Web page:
Early detection of fetal cardiac abnormalities: How effective is it and how should we manage these patients?

Sally Ann B. Clur*, Caterina M. Bilardo

*Corresponding author for this work

Research output: Contribution to journalReview articleAcademicpeer-review

Abstract

Congenital heart defects (CHDs), the most commonly occurring congenital malformations, cause significant mortality and morbidity. With the recognition of early markers for CHD and the development of better ultrasound resolution, interest has turned toward performing a screening anomaly scan, including the heart, together with the nuchal scan. It is also possible, with adequate skill and training, to competently perform an echocardiogram <16weeks' gestation. This article reviews the detection of major CHD in the first trimester and early second trimester including specific markers that help to identify high-risk groups for early fetal echocardiography (EFEC). CHD detection during first-trimester screening is low (2.3-56%) depending on the center's experience and the population studied. An increased nuchal translucency, abnormal ductus venosus flow, and tricuspid regurgitation in the first trimester are associated with an increased CHD risk and can be used together to identify high-risk fetuses for EFEC. EFEC requires skilled scanning and the expertise of a fetal echocardiographer. In high-risk populations, it is 78.5% sensitive with a 74.5% concordance between the EFEC and the mid-gestational echocardiogram. The availability of qualified personnel and diagnostic accuracy are prerequisites before EFEC can be introduced into management protocols. The limitations of EFEC should be recognized, and a later confirmatory echocardiogram is recommended.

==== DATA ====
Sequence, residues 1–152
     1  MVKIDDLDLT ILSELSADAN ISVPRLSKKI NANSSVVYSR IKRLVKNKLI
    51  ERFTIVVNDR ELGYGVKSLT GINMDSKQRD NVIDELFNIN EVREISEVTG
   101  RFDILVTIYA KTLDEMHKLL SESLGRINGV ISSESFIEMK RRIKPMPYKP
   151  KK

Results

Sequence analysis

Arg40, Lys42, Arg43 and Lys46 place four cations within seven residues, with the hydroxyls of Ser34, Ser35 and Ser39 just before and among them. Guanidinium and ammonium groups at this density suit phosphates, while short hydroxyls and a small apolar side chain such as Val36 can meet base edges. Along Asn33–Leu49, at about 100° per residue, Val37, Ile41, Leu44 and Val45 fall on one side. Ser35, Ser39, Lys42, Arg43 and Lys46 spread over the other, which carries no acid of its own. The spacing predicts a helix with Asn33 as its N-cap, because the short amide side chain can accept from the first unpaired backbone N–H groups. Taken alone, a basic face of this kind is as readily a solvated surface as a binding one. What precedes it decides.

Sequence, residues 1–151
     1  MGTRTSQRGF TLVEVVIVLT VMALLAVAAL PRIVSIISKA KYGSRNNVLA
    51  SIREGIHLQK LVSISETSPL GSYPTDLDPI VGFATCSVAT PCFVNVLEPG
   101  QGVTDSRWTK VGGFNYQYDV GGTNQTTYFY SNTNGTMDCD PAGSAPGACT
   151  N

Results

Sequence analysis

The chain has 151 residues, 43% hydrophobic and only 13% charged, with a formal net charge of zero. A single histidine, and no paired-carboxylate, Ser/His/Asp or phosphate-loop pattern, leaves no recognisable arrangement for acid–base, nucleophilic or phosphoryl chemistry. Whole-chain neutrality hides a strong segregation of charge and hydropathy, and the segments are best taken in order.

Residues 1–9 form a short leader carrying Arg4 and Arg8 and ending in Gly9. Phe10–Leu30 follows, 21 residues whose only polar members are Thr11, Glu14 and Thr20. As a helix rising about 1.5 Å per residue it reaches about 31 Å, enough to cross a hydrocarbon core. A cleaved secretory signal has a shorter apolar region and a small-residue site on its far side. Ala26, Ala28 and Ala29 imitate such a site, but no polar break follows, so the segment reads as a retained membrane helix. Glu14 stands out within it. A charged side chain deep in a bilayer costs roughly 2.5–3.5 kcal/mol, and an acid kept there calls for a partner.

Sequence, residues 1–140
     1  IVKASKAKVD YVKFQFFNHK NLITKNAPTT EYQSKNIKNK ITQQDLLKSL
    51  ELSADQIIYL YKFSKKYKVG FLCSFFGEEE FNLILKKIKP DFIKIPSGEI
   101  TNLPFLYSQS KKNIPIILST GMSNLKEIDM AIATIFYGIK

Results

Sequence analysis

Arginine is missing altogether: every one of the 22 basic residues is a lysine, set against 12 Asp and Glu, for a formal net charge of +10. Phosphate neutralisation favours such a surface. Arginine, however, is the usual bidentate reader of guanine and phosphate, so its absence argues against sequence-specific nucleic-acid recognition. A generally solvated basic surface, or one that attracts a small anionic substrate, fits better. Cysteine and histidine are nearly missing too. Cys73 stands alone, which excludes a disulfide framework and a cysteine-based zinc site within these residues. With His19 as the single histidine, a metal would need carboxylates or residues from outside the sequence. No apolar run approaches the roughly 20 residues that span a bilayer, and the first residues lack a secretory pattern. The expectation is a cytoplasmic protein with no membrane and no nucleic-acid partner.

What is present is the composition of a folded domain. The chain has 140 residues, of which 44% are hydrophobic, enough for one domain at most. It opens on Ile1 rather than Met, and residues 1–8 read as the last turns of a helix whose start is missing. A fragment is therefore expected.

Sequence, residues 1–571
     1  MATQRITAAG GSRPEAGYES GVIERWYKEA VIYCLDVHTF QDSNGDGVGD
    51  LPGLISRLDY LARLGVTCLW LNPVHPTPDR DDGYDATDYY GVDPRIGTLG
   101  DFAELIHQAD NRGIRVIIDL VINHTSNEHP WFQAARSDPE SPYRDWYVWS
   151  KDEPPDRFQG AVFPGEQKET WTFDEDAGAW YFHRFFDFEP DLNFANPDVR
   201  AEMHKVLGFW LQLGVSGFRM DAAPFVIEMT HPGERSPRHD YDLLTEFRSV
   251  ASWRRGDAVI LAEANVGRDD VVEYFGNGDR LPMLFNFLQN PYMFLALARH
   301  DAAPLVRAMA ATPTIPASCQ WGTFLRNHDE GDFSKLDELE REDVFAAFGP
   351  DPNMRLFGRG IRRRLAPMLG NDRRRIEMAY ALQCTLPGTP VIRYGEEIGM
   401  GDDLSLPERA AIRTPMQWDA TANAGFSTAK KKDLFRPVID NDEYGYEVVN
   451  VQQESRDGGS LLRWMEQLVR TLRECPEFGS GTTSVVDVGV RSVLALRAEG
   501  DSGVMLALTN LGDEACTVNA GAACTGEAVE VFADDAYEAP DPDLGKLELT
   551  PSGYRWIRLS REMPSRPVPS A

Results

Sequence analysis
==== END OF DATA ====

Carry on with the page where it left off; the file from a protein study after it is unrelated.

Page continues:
Original languageEnglish
Pages (from-to)1235-1245
Number of pages11
JournalPrenatal Diagnosis
Volume34
Issue number13
DOIs
Publication statusPublished - 1 Dec 2014

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